The flag F0 of the i-th row signals whether the redundancy block associated to the i-th row is good (1) or bad (0). If the flag F0 is 0, the redundancy block associated to the i-th row cannot be used. In this case the address of the i-th row is copied in a new row of the block BBT BLOCK to remap the bad redundancy block to a good redundancy block. The flag F1 of the i-th row signals whether the redundancy block associated to the i-th row is used or not.

At the start-up of the memory device, the state machine FSM looks for the page of the block BBT BLOCK in which the updated version of the bad block address table is stored simply by reading the flags F0 and F1 stored in the various pages. Indeed, an unused page has all flags F0 and F1 (and also all address bits a0 . . . ak) at the logic value 1 (erased cells).

Each address stored in the block BBT BLOCK is repeated five times. At the start-up of the device, each address bit is identified based on a majority decision in order to reduce the error probability.

In all read, program and erase operations, the effective address of the block is given by the BBM LOGIC circuit, that compares the external address provided by the user of the block to be accessed with all addresses written in the BBT table. If the result of these comparisons is negative, the operation is carried out on the block corresponding to that address. Otherwise, the substitute redundancy block is accessed.

The memory device may carry out the following five commands:

1) USER BLOCK SUBSTITUTION;

2) BBT PROGRAM;

3) BBM DISABLE;

4) BBM ENABLE; and

5) BBM PAGE COPY.

Obviously, the above mentioned commands may be executed when the bad block address table has been read from the block BBT BLOCK. Preferably, this is carried out with the algorithm depicted in the flow chart of FIG. 8, and is clear for any skilled person and will not illustrated further.

A characteristic feature of the memory device comprises users making any number of good blocks of cells inaccessible by providing appropriate commands for writing their address in the bad block table.

The command USER BLOCK SUBSTITUTION, that generates the operations schematically described in the flow chart of FIG. 9, allows the user to substitute a block of cells even if it is not bad. Once a corresponding external command has been supplied to the memory device, the address of the block pointed by the address pointer of the memory is written in the bad block table and the block is substituted with a redundancy block. The used redundancy block will be remapped to the same address of the substituted block, that will become inaccessible by users.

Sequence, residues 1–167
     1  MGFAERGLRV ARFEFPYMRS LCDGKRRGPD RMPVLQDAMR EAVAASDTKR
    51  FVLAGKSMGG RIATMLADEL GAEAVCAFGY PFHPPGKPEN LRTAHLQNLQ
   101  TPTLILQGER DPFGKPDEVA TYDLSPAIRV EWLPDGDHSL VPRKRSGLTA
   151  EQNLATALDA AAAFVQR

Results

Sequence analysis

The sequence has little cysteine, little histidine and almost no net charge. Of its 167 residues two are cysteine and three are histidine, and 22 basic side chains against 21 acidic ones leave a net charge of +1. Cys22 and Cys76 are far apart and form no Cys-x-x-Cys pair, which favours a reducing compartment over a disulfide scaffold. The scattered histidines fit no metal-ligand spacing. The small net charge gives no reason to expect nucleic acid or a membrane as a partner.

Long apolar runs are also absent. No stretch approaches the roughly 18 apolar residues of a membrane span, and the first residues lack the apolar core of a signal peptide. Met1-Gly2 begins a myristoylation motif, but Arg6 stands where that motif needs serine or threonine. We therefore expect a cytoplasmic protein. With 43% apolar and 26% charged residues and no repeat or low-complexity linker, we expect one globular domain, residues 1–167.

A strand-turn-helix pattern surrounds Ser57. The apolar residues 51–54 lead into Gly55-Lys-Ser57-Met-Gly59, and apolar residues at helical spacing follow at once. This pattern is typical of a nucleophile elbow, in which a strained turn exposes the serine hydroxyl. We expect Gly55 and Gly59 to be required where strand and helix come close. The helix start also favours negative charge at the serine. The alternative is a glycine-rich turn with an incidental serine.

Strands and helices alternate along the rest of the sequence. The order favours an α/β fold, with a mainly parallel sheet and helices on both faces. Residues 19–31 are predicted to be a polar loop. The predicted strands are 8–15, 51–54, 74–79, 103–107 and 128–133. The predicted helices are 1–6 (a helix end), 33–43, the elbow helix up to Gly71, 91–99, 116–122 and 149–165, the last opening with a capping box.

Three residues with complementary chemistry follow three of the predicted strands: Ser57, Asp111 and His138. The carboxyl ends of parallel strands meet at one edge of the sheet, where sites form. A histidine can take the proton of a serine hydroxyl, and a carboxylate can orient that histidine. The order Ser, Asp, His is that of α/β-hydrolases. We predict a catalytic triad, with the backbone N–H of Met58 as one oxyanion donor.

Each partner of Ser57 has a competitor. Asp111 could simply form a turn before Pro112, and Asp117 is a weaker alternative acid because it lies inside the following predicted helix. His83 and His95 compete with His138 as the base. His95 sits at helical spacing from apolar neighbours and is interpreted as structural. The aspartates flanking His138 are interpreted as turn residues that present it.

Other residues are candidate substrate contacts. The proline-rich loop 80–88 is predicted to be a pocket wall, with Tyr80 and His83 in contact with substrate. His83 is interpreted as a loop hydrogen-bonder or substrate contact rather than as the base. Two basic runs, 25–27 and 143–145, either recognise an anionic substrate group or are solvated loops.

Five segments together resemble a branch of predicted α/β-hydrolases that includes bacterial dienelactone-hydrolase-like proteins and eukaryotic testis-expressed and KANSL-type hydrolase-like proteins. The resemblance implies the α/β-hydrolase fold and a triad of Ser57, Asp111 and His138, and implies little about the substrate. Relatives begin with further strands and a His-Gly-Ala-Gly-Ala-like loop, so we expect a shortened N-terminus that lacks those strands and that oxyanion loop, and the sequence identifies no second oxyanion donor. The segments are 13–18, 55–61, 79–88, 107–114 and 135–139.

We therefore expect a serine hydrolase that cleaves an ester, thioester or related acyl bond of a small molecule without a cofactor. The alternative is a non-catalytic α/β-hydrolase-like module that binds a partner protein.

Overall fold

Conveniently, a start address pointer procedure is executed. This comprises writing the address of the desired block in the address register, before executing a command for substituting a failed block.

Preferably, the content of a register BB STATUS (not depicted) that stores information for correct managing defective blocks (enabled/disabled management, presence of free redundancy sectors and free pages in the block that stores the table of bad blocks), is read before execution of the substitution command for verifying whether the substitution is admitted or not. In the case in which no redundancy block should be available, the command will not have any effect.

The command for programming the bad block address table enables the operations illustrated in FIG. 10. It has the effect of programming the block BBT BLOCK without modifying the data already stored therein. This command could be used for example after the substitution operation of a bad block is not correctly terminated. This event may hardly occur because the block BBT BLOCK is never erased. For example, the block BBT BLOCK contains 32 dedicated pages for storing the bad block address table.

If the user gives the command BBM DISABLE, illustrated in the flow chart of FIG. 11, the management of bad blocks is disabled and the device will not accept any command for managing bad blocks. However, the command for reading a state register (not depicted in FIG. 2) that stores a flag that identifies enable/disable conditions of the bad blocks management is accepted. The inner remapping of the substituted blocks is disabled and users will see the old substituted bad blocks.

This command has a volatile effect. Once the memory device is turned off and on, the bad block management will be enabled again and user needs to provide again the command BBM DISABLE for disabling the bad block management.

If the user provides the command BBM ENABLE, the operations of which are schematically illustrated in FIG. 11, the bad block management is enabled. The last version of the bad block address table is loaded, and the device will accept all bad block management commands.

Preferably, users will also have a command BBM PAGE COPY for copying pages from substituted blocks in new used redundancy blocks. Such an optional command will produce the succession of operations described in the flow chart of FIG. 12.

By providing the command for copying a page, the page pointed by the pointer start address will be read by the substituted block and programmed in the spare block in the same inner position. Clearly, the pointed page should be in the substituted block otherwise the command will not have any effect.

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Classifications
U.S. Classification714/723, 714/42
International ClassificationG01C29/00
Cooperative ClassificationG11C29/76, G11C2029/1208, G11C29/006
European ClassificationG11C29/76